An interesting post from Steve Jenkins over at INK (Interesting Non-fiction for Kids) on the challenges of writing about science for children. Here's the crux of what he has to say:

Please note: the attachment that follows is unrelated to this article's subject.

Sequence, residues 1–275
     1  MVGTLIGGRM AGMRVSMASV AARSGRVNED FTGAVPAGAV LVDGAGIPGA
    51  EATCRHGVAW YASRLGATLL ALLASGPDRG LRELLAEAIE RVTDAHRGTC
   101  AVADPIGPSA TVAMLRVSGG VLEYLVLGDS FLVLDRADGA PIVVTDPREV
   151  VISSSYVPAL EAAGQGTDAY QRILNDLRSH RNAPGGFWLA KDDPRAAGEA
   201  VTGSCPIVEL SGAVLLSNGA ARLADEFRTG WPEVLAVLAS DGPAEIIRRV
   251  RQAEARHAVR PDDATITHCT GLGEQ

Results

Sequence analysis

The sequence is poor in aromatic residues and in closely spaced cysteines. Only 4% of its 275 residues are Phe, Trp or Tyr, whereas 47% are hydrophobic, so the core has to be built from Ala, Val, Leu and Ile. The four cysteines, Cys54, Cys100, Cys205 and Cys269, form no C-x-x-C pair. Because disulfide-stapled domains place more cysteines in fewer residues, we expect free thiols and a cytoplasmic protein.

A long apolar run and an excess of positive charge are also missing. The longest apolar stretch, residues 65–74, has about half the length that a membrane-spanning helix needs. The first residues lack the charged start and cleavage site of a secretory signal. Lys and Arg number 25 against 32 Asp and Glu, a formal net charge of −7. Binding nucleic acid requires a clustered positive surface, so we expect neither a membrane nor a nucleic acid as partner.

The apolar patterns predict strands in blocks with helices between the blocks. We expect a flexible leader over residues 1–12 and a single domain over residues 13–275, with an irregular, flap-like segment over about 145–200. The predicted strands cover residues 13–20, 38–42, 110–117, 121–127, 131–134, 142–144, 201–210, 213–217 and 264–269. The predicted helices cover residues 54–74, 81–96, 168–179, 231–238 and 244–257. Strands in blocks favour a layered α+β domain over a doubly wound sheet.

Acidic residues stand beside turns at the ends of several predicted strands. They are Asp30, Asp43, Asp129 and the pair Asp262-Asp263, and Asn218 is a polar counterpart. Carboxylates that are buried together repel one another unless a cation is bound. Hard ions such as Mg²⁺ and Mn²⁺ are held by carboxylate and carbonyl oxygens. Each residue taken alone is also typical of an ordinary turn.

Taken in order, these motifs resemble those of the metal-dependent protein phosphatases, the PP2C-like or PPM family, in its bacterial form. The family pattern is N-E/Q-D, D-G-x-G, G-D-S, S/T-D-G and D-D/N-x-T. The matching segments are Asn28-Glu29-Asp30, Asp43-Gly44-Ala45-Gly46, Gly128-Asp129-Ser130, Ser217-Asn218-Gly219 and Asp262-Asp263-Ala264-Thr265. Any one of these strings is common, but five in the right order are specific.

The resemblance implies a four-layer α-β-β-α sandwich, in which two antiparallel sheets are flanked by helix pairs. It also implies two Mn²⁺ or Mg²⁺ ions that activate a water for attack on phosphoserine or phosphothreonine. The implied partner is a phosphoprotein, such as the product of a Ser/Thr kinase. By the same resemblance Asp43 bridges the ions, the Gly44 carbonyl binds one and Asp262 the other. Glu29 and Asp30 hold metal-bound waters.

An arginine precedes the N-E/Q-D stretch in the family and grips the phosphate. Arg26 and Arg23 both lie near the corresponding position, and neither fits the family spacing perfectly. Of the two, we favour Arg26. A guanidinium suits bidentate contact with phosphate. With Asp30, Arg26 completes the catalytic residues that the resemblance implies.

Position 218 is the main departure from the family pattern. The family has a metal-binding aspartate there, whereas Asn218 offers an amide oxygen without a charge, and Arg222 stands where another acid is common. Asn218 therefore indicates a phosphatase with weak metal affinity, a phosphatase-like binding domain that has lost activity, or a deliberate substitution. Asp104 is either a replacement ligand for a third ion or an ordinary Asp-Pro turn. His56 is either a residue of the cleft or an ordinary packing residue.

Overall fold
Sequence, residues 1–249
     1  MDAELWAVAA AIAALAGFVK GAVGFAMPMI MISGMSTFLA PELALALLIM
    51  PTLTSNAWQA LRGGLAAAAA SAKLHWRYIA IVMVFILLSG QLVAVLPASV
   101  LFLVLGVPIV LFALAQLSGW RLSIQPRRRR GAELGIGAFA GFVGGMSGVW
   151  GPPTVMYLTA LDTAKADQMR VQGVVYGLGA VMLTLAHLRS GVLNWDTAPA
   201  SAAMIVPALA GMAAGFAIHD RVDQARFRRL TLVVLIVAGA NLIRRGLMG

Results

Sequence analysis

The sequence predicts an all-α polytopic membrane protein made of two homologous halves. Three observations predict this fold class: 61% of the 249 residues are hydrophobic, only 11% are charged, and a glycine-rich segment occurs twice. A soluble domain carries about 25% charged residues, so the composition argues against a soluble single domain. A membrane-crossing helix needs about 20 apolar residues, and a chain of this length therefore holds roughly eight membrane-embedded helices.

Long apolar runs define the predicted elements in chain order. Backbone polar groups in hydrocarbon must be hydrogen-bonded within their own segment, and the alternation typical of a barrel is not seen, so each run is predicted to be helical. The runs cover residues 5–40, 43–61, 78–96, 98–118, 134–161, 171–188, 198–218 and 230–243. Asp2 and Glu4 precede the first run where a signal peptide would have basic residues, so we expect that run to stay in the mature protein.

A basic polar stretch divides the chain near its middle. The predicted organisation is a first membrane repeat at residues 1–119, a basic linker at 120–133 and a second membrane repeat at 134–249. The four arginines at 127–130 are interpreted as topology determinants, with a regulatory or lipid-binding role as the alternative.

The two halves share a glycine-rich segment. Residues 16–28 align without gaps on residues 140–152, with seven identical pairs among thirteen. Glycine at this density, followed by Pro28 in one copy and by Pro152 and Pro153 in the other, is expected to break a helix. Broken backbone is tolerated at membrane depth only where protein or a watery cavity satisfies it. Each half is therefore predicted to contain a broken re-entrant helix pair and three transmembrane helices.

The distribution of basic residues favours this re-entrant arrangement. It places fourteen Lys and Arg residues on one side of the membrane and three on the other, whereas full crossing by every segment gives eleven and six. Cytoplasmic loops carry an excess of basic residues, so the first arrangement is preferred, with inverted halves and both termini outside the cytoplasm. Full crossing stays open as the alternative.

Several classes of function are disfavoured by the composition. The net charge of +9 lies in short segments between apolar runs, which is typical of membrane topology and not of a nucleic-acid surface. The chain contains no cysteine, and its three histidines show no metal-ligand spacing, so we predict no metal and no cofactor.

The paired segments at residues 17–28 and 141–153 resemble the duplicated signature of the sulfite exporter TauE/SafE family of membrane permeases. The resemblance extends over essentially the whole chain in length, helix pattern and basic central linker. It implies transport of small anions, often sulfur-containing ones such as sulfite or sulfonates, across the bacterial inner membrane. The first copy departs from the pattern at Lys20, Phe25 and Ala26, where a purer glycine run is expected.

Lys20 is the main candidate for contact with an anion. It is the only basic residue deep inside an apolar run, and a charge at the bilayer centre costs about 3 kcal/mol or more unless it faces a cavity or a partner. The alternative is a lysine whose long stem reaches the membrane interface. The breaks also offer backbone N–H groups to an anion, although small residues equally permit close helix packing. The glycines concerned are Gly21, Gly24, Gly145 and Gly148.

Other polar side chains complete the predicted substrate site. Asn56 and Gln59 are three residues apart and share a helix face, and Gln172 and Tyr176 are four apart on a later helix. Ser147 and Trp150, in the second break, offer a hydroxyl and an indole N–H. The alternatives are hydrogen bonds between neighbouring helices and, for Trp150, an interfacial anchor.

I’m more interested in the problems that arise from the nature of contemporary scientific inquiry itself. These aren’t social or philosophical issues. Rather, they bring us up against the limits of human intellect and imagination. Much current science deals with the very large or the very small. The units of measurement used in astronomy and sub-atomic physics are so remote from our direct experience that they are nothing more than abstractions. The same is true of time. The impossibly short life spans of man-made elements or the billion-year intervals that describe the development of life are, once again, too extreme for most of us (perhaps any of us) to really grasp. I’m convinced that an inability to appreciate the time scale of the earth is at the root of many people’s refusal to accept evolution as an explanation of life’s diversity. It just doesn’t feel like it makes sense.